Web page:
The Sunday Mail
LAST week, China announced that it will give Zimbabwe 10 million doses of Covid-19, as part of the 1 billion doses pledged by Beijing to African countries at last year’s Forum on China-Africa Co-operation (FOCAC) meeting in Senegal.
Just recently, Zimbabwe received one million doses of Covid-19 vaccines — part of the tranche — as the new variant of the disease, Omicron, was beginning to cause havoc across the world. In total, China’s donations to Zimbabwe are set to reach 12 million doses.
China has also allowed Zimbabwe to purchase millions of doses of its Sinovac and Sinopharm vaccines, enabling the country to be among the leading countries in Africa in terms of inoculating citizens against the virus. Further, China has over the years made notable investments in the country’s health sector including the upgrade of the Mahusekwa Hospital in Mashonaland East, the renovation of Wilkins Hospital in Harare and sending Chinese medical experts to the country.
Zimbabwe and China’s co-operation in health-accentuated during this Covid-19 era-represents a model that China is pursuing with Africa and the world under the Health Silk Road of the Belt and Road Initiative (BRI).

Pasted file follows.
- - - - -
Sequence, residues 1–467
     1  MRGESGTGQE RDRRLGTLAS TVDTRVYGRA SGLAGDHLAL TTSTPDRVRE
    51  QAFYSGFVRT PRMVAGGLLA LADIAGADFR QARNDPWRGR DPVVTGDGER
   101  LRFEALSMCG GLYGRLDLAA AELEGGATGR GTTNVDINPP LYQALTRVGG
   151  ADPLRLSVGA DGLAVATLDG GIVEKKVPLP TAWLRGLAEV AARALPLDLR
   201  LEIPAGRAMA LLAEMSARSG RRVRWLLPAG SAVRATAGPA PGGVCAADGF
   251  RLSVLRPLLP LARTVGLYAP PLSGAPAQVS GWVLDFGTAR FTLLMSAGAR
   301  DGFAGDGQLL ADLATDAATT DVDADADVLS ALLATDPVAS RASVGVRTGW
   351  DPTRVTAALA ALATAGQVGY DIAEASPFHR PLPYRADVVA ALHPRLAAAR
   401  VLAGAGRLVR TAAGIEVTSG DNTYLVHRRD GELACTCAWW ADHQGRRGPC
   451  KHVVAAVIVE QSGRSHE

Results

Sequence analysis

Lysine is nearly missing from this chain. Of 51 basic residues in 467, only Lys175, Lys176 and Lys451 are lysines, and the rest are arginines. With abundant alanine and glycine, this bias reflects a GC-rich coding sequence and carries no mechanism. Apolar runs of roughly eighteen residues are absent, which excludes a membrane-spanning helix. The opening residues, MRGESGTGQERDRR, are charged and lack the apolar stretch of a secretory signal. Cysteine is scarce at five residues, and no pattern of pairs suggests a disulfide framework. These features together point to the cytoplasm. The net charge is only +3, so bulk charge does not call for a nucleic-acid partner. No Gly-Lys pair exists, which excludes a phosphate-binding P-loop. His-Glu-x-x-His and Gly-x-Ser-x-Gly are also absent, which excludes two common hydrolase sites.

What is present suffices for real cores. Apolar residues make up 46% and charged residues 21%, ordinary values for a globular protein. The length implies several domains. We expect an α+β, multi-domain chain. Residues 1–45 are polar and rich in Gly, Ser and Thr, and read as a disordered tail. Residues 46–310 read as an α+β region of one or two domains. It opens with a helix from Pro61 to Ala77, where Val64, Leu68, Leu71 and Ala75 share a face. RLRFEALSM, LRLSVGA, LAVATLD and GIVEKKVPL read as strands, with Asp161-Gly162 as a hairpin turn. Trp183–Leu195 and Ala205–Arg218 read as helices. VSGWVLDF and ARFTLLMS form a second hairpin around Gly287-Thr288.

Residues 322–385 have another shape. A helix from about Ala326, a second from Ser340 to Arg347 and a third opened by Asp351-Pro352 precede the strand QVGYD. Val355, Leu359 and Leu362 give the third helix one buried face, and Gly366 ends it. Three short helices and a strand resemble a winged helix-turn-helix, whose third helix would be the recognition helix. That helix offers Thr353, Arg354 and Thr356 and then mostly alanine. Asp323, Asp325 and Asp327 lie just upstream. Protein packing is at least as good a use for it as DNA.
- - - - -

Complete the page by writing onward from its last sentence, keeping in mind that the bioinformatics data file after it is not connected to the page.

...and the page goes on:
The BRI is a framework by the Chinese government, under President Xi Jinping, for the promotion of international economic co-operation. It was launched in 2013. By rejuvenating the spirit of the ancient Silk Road, and with a focus on strengthening connectivity, the initiative aims to promote policy synergy, infrastructure development, trade facilitation, financial co-operation and people-to-people bond, so as to provide new drivers for global growth, offer new avenues and space for international economic co-operation, and create new opportunities for common development and shared prosperity.
Within its multi-tier approaches, the focus on health is among the most important areas of focus, especially for Africa as the continent still struggles with growing and keeping its populations alive. The threats of pandemics, from HIV/Aids to Ebola and now Covid-19, make attainment of other developmental and economic goals challenging. The success and promise of BRI is a cause for celebration and optimism in Africa. Again, the primacy of health among the four “Silk Roads” envisaged in BRI, ensures a healthy continent ready to develop in sync with other regions of the world.